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Posted: Jun 05, 2014
Moon formed after collision of planets
(Nanowerk News) Scientists from the Universities of Göttingen, Cologne, and Münster in Germany have resolved an isotopic difference between the Earth and the Moon. The slight variation in oxygen isotopes confirms the “Giant impact“ hypothesis of Moon formation, according to which the Moon formed from the debris of a giant collision between the Earth and another proto-Planet about 4.5 billion years ago.
In the Stable Isotope Laboratory at Göttingen University’s Geoscience Centre, the scientists analyzed samples from the Moon that were provided by NASA. The lunar basalts were brought back to Earth between 1969 and 1972 with Apollo Missions 11, 12, and 16. They released the oxygen from the rocks, purified it and measured the pure oxygen gas in the mass spectrometer.
“For the first time, we were able to show a subtle difference between the rare 17O isotope and the abundant 16O isotope,” explains Dr. Daniel Herwartz, who lead the study at Göttingen University and is now employed at the University of Cologne. “The similar isotopic composition of Earth and Moon appeared to be at odds with the giant impact hypothesis, because numerical models of the collision predicted a difference. The difference we found is smaller than initially predicted, but that might be due to the fact that both planets originated from the same region of the solar system.”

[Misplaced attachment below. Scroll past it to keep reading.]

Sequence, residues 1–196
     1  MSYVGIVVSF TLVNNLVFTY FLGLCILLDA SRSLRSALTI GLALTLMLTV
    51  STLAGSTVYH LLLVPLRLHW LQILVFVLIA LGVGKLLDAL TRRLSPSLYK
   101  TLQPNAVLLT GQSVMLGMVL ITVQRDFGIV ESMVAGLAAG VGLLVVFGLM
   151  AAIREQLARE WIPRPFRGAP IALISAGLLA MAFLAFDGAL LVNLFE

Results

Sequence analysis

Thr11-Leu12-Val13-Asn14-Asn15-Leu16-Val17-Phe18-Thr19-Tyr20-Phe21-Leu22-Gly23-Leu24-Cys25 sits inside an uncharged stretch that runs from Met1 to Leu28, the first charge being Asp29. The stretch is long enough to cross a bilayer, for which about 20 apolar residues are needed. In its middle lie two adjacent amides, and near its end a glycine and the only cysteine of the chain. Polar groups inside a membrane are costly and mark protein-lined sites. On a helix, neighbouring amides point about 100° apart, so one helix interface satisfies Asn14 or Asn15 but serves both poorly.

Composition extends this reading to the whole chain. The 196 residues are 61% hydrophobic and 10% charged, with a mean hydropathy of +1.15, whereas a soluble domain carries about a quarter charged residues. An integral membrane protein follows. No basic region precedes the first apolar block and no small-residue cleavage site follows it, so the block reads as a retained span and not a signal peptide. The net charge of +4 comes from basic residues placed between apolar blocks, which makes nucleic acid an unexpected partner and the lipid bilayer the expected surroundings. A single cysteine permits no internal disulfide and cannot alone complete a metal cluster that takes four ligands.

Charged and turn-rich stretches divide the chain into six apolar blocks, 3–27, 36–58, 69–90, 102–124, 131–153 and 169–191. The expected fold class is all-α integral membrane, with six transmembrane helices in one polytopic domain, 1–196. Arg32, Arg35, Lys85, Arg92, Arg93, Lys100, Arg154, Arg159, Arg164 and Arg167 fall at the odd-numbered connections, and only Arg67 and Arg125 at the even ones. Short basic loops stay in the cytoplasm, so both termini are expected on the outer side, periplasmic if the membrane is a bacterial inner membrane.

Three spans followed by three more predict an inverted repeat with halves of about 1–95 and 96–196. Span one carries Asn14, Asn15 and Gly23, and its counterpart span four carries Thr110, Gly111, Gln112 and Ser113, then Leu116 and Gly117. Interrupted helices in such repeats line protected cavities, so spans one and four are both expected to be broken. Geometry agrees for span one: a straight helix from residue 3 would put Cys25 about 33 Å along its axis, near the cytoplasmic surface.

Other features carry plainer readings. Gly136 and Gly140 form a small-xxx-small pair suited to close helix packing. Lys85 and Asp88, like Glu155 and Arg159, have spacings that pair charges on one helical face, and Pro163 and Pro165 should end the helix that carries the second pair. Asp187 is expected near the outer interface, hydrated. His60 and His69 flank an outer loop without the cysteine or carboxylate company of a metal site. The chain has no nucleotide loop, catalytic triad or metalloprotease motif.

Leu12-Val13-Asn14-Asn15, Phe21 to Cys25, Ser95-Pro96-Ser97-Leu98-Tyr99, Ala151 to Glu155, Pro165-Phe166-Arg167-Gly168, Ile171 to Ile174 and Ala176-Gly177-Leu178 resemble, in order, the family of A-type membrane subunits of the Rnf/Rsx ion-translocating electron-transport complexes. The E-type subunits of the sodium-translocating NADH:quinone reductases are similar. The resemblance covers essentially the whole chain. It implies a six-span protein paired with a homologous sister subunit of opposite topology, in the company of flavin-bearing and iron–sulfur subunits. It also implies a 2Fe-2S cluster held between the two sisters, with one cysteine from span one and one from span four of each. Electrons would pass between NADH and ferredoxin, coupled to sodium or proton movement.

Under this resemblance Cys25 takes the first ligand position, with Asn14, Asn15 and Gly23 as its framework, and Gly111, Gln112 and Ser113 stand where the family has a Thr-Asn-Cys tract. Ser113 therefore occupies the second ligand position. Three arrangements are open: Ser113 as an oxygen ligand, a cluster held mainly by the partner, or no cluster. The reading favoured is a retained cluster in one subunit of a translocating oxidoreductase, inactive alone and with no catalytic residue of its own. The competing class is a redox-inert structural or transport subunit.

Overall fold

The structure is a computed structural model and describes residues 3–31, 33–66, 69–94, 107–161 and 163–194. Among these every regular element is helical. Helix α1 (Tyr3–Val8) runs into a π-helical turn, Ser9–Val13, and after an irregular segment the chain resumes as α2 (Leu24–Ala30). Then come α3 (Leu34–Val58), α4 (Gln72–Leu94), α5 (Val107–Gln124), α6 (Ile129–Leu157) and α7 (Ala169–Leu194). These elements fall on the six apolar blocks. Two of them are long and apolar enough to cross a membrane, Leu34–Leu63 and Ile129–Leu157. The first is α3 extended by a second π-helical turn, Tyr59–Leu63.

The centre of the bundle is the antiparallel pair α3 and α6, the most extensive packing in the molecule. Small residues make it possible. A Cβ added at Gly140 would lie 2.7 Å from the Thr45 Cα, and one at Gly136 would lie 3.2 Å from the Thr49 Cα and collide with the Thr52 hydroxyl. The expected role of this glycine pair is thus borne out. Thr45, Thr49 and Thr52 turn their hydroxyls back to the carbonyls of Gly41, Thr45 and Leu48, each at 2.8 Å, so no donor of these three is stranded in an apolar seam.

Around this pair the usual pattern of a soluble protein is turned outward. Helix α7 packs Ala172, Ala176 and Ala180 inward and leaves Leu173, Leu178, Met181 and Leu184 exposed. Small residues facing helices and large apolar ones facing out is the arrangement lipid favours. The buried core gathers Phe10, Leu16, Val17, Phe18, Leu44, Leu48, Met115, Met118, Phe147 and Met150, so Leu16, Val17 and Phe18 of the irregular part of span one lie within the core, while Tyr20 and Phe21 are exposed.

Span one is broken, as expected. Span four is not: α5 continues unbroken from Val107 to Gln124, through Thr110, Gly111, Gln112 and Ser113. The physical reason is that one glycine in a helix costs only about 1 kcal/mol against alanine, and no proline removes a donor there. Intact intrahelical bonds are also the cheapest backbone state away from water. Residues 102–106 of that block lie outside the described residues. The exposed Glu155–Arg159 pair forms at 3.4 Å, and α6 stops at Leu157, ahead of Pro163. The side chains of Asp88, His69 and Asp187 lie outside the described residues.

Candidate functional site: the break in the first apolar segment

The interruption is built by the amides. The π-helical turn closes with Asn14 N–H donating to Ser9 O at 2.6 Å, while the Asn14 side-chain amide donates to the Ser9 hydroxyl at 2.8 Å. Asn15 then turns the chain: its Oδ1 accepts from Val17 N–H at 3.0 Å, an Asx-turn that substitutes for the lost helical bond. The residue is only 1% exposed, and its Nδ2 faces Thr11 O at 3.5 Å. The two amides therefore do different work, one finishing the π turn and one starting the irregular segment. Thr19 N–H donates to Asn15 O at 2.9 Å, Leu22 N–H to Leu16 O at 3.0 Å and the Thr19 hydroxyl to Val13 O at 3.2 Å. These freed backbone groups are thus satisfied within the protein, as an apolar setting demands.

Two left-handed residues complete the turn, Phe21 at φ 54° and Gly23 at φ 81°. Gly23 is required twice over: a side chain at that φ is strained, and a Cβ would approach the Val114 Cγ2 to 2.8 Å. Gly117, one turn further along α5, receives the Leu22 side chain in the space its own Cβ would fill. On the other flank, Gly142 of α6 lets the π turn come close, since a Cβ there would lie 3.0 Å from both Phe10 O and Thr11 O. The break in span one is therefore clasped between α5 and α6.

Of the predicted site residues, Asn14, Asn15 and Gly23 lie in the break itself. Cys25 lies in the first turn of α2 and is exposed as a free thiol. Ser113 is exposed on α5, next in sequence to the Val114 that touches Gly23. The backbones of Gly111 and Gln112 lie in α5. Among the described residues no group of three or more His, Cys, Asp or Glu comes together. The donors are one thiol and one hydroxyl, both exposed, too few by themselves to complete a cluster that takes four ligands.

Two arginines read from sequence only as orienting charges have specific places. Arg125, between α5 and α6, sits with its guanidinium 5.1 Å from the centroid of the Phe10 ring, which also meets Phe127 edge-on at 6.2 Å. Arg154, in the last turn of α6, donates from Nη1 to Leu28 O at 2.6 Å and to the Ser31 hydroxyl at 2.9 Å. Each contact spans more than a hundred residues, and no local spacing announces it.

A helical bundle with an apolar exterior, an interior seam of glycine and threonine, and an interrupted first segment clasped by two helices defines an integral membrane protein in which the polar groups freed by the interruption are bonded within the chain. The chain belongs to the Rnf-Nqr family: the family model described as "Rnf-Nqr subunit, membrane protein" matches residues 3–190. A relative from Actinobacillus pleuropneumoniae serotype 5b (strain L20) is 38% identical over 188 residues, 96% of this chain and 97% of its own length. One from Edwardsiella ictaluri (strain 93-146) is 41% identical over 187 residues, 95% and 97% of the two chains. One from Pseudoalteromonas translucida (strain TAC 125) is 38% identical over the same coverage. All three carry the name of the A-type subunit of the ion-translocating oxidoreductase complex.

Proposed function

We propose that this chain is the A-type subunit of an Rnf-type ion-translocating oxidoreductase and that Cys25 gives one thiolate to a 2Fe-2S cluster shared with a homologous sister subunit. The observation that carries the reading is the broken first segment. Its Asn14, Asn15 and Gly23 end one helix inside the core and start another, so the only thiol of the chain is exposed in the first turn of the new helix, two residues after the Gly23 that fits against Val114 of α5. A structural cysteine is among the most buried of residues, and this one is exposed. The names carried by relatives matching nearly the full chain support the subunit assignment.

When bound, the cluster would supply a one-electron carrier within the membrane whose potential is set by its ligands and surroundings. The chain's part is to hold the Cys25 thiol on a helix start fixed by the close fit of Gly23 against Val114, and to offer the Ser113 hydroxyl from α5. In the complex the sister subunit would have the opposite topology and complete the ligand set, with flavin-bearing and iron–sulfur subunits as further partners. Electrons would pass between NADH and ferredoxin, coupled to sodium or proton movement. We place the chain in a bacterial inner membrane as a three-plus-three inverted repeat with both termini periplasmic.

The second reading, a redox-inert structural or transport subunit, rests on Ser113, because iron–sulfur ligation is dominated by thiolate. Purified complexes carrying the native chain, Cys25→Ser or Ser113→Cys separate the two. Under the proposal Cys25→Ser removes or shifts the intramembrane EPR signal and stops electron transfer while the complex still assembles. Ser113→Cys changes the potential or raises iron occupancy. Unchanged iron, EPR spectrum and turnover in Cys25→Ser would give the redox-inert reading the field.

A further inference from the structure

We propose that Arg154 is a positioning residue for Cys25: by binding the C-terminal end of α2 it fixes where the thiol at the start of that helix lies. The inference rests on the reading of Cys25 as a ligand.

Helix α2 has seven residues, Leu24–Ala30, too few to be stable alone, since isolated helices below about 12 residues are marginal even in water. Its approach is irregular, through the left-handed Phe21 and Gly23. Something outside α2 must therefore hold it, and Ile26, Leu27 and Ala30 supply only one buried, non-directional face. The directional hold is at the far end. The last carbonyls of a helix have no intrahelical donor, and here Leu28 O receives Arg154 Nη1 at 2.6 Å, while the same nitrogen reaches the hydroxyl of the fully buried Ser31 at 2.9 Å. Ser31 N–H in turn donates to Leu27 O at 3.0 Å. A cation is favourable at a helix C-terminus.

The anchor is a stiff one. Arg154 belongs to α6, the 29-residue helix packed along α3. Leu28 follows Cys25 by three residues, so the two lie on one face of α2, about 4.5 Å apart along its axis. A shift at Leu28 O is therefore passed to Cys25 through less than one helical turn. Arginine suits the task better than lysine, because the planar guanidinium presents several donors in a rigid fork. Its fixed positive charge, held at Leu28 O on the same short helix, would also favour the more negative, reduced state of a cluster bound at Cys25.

Only a few laboratories worldwide are able to measure the rare 17O isotope at all. “For the last three years, staff and students in Göttingen have persistently worked on improving the analytical procedure,” says Prof. Dr. Andreas Pack, head of the Stable Isotope Laboratory at Göttingen University’s Geoscience Centre. “The results of this study show that this effort has paid off.” Some of the data were measured by student Bjarne Friedrichs for his Bachelor’s thesis.